2018年4月20日 星期五

Daily Bulletin for 04/20/2018 

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Most High-Tech Nazi Submarine Found

Brandon Specktor, Live Science

Two days before the Allied forces declared victory over Nazi Germany at the end of World War II, a high-tech German submarine set out from Denmark on a mysterious mission.The sub was a brand-new Type XXI U-boat, hailed as the most advanced Nazi submarine of its time. It was deadly quiet, superfast and allegedly capable of traveling from Europe to South America without having to surface.

The Government Does Not Understand GMOs

Tirzah Duren, RealClearScience

Beginning in 2015, the makers of KIND snack bars found themselves in what would become a drawn out legal battle. This March, the latest drama unfolded regarding a class action lawsuit involving the use of non-GMO labels on their products. This lawsuit has been in a standstill due to a lack of consensus regarding what a genetically modified organism (GMO) is.

How Many Genes Do Cells Need?

Veronique Greenwood, Quanta Magazine

By knocking out genes three at a time, scientists have painstakingly deduced the web of genetic interactions that keeps a cell alive. Researchers long ago identified essential genes that yeast cells can't live without, but new work, which appears today in Science, shows that looking only at those gives a skewed picture of what makes cells tick: Many genes that are inessential on their own become crucial as others disappear.

How Rabid Dog Saliva Became a Remedy in Canada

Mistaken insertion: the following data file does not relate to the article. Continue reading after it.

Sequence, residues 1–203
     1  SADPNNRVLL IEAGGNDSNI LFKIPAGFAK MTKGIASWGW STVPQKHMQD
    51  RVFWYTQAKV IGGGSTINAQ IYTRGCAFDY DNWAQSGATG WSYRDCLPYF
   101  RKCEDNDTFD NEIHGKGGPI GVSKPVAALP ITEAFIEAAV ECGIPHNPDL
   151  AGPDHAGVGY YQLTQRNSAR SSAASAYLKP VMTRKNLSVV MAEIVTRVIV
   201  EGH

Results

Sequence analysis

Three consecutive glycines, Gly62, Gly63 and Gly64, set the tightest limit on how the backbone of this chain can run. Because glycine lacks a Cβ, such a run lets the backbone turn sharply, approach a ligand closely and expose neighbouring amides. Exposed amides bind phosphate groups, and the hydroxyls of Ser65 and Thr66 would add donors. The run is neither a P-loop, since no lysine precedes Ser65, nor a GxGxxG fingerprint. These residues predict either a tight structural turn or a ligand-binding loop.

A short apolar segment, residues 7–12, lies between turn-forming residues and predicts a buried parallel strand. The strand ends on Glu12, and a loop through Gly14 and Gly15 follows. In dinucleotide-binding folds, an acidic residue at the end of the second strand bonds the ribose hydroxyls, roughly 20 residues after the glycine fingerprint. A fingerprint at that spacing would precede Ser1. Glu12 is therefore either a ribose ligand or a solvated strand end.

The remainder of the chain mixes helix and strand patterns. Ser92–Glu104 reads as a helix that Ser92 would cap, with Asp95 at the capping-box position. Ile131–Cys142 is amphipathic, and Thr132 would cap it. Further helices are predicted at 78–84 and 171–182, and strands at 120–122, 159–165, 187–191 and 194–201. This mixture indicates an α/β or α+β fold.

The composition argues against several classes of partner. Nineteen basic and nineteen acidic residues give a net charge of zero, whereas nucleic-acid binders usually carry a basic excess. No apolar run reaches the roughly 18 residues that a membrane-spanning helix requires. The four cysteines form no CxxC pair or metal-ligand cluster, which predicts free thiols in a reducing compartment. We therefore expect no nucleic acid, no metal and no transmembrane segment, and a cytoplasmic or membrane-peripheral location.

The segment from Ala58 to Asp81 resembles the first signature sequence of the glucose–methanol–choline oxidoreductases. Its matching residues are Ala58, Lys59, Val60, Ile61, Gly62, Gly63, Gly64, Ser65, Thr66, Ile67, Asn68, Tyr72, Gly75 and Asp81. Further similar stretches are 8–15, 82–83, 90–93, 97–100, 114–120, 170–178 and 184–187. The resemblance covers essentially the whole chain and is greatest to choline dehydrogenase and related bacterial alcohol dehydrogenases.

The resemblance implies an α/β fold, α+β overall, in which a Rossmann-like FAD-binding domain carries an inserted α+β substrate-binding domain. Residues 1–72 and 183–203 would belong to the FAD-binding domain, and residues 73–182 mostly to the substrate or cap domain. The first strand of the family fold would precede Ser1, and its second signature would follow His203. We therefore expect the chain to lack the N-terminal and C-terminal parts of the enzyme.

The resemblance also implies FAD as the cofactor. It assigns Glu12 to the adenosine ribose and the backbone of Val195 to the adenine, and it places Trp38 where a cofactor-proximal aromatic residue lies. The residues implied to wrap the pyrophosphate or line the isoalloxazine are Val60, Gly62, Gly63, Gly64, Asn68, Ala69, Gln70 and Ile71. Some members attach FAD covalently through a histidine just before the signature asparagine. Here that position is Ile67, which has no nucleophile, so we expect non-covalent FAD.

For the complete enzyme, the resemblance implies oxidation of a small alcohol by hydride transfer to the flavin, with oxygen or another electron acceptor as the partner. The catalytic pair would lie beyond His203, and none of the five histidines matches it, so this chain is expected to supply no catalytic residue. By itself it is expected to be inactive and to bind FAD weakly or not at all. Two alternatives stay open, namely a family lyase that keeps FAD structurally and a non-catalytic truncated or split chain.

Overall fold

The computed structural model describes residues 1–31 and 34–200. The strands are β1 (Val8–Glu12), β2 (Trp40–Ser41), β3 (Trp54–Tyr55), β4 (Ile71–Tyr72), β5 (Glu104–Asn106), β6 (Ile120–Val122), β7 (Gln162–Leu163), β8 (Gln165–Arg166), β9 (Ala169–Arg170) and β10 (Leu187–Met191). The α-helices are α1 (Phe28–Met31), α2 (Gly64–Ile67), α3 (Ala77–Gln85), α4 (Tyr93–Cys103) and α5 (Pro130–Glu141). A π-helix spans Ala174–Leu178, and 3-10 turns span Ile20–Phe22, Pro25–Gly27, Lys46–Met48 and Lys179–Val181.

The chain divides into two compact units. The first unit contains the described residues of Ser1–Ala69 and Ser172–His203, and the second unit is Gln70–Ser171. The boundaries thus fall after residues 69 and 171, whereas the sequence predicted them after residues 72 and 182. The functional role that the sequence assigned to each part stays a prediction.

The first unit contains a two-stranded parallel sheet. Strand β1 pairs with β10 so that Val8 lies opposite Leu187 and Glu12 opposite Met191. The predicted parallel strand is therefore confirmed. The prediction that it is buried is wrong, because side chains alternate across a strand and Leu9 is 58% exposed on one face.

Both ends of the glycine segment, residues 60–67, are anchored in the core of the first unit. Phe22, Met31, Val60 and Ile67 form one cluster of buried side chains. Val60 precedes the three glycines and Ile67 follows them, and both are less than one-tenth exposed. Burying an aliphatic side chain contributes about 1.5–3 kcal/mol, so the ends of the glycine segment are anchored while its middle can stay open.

Scott Gavura, Sci-Based Med

A recent blog post by a British Columbia naturopath is raising questions from health professionals about the practice of naturopathy, and the use of homeopathic remedies. Anke Zimmerman, a Victoria-based naturopath, wrote a blog post on how she treated a child's behavioural problems with a remedy made from a rabid dog's saliva.

How to Talk to Evangelicals About Evolution

Rachel Gross, Smithsonian

Rick Potts is no atheist-evolutionist-Darwinist. That often comes as a surprise to the faith communities he works with as head of the Smithsonian's National Museum of Natural History Human Origins Program in Washington, D.C.Raised Protestant with, he likes to say, an emphasis on the protest' the paleoanthropologist spends his weekends singing in a choir that sings both sacred and secular songs.

Escaping from Proxima B Would Be Very Difficult

Abraham Loeb, Sci American

Almost all space missions launched so far by our civilization have been based on chemical propulsion. The fundamental limitation here is easy to understand: a rocket is pushed forward by ejecting burnt fuel gases backwards through its exhaust.

How My Nobel Dream Bit the Dust

Brian Keating, Nautilus

To go back to the beginning, if there was a beginning, means testing the dominant theory of cosmogenesis, the model known as inflation. Inflation, first proposed in the early 1980s, was a bandage applied to treat the seemingly grave wounds cosmologists had found in the Big Bang model as originally conceived. To call inflation bold is an understatement; it implied that our universe began by expanding at the incomprehensible speed of light ... or even faster!

The Unexpected Consequences of a Tennis Racquet

Jonah Lehrer, Jonah Lehrer

In the winter of 1947, Howard Head, an aerospace engineer, was skiing down Stowe Mountain when he decided that wooden skis were a terrible idea. He kept tripping on the long hickory blades; the material was too heavy for such a nimble sport. On the train back to Baltimore, Head began sketching out a new ski made out of airplane parts, focusing on the aluminum alloys and plastic laminates used to construct the fuselage.

Researchers Recreate Interiors of Ice Giants

Nola Taylor Redd, Astronomy